Tips and tricks for photographing the eclipse

With the Great American Eclipse happening in just weeks, many people are looking for ways to record the event on camera. While photographing an eclipse is not as easy as photographing your family, it is not too difficult for the average person to do successfully — with a bit of knowledge and practice beforehand.

The three key ingredients to photographing an eclipse are doing it safely, having the right equipment and using the right camera settings.

Safety is the first key, because no one wants an eclipse watching party that includes permanent eye damage. Just as you would never look directly at the sun on a normal day, you do not want to do it here. You will need eclipse glasses for your eyes and a solar filter for your camera. Eclipse glasses and solar filters are basically the same thing: a coated piece of glass or film that blocks 99.999 percent of the incoming light, and allows just enough light through for your eye or your camera sensor to see the eclipse safely.

Sunglasses are not nearly dark enough for this, and should not be used. You should use a solar filter that is certified to meet the ISO 12312-2 standard, which means that it will reduce not only the visible light, but also incoming ultra-violet and infrared light to safe viewing levels. These filters can be ordered online. Persons with interchangeable lens cameras can buy them in the correct size to screw onto the end of the lens. They also come in plain sheets that can be cut to size.

While you can successfully record the eclipse with virtually any camera, this is a situation in which having a lens with a longer focal length is better. Professionals may be using lenses with focal lengths longer than 1000mm, but most people will do fine with a zoom lens in the 200-300mm range.

For the rest of this article, I am going to assume the reader has an interchangeable lens camera, such as a Canon, Nikon or Sony, or a zoom lens camera where the exposure can be manually set. If your camera attaches to a telescope, you can, of course, use that, but you would need to get the solar filter that fits over the end of the telescope. Finally, you will want to use a tripod. Because you are photographing something that is very far away, any movement or vibrations that affect the camera will cause blur.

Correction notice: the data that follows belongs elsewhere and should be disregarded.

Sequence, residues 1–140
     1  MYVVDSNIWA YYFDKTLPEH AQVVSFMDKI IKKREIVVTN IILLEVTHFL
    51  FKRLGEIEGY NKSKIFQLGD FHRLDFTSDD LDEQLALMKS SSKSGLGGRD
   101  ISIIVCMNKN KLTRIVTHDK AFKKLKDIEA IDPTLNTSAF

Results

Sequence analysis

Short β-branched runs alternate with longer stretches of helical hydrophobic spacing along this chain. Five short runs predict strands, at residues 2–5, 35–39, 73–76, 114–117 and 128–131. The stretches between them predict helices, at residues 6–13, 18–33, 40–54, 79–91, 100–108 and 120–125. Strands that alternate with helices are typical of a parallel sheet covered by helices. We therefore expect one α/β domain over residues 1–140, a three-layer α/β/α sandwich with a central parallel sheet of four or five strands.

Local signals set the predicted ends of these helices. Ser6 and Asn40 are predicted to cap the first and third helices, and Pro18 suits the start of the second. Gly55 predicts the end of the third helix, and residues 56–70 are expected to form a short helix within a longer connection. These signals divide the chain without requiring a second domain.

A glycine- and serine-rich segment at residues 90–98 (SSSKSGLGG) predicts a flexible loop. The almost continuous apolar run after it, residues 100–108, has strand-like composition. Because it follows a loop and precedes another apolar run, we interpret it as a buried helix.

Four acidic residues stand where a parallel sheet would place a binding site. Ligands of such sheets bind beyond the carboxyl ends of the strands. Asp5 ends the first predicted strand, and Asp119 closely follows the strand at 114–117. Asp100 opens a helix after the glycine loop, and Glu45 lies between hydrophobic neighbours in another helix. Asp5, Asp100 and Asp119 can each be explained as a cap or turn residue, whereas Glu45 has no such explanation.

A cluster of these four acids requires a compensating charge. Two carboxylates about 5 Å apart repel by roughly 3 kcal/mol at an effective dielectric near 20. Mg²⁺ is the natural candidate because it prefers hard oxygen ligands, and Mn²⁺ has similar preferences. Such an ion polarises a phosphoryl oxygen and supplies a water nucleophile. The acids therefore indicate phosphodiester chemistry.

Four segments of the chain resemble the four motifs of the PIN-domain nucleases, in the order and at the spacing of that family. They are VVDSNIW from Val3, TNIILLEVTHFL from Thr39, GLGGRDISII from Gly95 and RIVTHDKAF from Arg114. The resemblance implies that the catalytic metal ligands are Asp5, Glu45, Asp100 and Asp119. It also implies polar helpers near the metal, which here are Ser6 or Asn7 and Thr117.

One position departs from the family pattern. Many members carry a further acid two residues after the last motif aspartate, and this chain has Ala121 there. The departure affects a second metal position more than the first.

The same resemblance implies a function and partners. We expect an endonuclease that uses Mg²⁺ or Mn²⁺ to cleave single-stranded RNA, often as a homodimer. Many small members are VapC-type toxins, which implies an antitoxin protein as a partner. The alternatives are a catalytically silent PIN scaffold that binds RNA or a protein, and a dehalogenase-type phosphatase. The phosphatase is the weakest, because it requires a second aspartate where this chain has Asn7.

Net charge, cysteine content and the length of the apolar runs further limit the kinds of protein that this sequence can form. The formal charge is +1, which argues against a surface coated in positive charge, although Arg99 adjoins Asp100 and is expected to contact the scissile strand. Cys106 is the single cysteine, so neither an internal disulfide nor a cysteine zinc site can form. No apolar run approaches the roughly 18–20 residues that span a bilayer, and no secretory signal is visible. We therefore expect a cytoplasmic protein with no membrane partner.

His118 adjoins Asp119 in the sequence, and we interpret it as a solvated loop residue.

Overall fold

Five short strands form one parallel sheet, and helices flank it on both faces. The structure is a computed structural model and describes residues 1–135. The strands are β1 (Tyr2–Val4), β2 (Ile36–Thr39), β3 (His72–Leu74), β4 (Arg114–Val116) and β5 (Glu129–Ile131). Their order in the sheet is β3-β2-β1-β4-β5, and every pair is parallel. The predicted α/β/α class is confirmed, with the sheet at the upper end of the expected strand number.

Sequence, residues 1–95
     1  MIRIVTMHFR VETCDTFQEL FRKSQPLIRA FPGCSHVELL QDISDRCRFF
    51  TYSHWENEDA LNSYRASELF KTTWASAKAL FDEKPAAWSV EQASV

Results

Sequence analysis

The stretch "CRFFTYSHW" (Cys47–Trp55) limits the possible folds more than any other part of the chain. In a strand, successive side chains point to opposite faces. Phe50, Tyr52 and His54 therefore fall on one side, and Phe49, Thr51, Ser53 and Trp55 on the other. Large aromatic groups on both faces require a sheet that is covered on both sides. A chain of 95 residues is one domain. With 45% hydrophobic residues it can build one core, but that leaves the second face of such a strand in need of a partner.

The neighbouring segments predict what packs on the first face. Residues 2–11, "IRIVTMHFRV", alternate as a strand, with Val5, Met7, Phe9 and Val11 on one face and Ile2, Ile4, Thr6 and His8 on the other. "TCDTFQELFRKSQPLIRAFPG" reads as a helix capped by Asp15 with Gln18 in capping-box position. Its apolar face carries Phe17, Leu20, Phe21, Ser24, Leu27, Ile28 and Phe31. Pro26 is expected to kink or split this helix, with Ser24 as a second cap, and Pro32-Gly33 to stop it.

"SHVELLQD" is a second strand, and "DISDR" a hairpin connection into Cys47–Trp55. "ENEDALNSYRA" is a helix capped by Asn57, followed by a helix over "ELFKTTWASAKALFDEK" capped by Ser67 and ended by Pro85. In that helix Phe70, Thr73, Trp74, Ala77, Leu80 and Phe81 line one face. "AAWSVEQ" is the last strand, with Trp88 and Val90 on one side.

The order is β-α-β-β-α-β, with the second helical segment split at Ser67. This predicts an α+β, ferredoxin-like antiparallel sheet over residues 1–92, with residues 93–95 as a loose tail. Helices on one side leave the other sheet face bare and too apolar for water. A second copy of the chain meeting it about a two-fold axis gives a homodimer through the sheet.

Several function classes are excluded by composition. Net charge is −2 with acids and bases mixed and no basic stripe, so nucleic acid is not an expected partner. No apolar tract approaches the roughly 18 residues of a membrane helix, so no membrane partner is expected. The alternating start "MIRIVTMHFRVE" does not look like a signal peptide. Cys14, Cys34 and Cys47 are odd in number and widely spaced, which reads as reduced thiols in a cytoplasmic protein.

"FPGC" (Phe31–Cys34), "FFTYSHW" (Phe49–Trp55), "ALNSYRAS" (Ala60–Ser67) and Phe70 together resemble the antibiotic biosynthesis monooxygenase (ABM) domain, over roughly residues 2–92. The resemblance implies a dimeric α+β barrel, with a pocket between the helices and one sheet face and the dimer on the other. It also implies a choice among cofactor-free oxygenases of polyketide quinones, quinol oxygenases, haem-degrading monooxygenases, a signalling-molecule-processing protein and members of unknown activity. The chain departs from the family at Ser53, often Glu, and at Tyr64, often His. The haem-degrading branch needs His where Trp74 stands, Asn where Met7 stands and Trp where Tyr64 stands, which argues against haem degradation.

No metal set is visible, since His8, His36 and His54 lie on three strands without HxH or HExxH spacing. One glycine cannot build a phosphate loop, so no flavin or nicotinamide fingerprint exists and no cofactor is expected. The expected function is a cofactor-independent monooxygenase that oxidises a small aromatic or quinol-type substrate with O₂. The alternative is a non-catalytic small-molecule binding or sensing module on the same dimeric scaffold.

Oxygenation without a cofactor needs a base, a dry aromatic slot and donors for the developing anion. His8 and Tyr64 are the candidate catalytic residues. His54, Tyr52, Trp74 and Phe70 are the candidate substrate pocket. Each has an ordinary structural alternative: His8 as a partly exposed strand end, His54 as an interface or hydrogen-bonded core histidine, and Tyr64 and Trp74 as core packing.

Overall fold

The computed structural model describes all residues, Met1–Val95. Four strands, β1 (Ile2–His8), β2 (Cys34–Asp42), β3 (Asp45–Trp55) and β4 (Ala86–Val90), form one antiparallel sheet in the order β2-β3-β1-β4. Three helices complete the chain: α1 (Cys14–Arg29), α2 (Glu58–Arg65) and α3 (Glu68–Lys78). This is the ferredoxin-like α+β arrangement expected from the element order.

Modern cameras have sophisticated computers inside that can help calculate the correct exposure for most situations. Unfortunately, I have found that this situation is not one of those. Using the manual settings on your camera is the best tactic.

Fortunately, because photographing the sun is something that we can do almost every day, there is lots of time between now and the eclipse to practice and determine the correct settings for your camera. If your camera displays a histogram (a graph that shows how many of the pixels in the image are dark or light), now is a great time to learn how to use it. You don’t want to use settings that are going to let in too much or too little light.

The last time that I photographed the sun this summer, I used the following settings along with my solar filter. These are a good place to start, and you can adjust them for your camera while you practice.
Shutter-speed: 1/500 sec. This is comparable to what you would use for sports photography – it only opens the shutter for a split second, reducing the chance of blur from movement or vibration.

Aperture: f/8. The aperture is a diaphragm that acts like the iris of your eye, dilating to let more light in or contracting to let less light in. f/8 is usually in the middle of the range for most cameras, and will allow you room to adjust to let more or less light in as you practice.

ISO 800: People who remember the days of film remember the ISO ratings of different films; film with a higher ISO rating was more sensitive to light. Digital cameras still have an ISO setting, but it now stands for the amount of electronic amplification that the image gets inside the camera. A higher ISO will produce a brighter image, but also more noise!

Focus: Once again, your camera may not be able to automatically focus on the eclipse, so you will have to set it manually. My lenses have a helpful focus mark at infinity, which works well for me. You should experiment beforehand to see exactly how far to turn the focus dial to get the sun in perfect focus.

The settings that you determine should work for the entire event if you are in an area where the moon does not completely cover the sun (totality). If you are in that area, you need to be prepared to take the solar filter off for that time, since you will not need it. You will want to remember to replace it before the sun reappears, though!

The final thing to do is practice. Practice photographing the sun in the weeks leading up to the eclipse. See what settings work for your camera. When the eclipse day comes, you will have everything prepared!

Part 2: 2017 Eclipse: From Omens to Science, a History of Solar Eclipses

Part 1: 2017 Eclipse: A Cosmic Coincidence Turns Day into Night

Dr. Louis E. Keiner is an associate professor of chemistry and physics at Coastal Carolina University. He joined the university faculty in 1998 and specializes in physical oceanography, satellite remote sensing, hurricanes and climate change. He also has a passion for photography.



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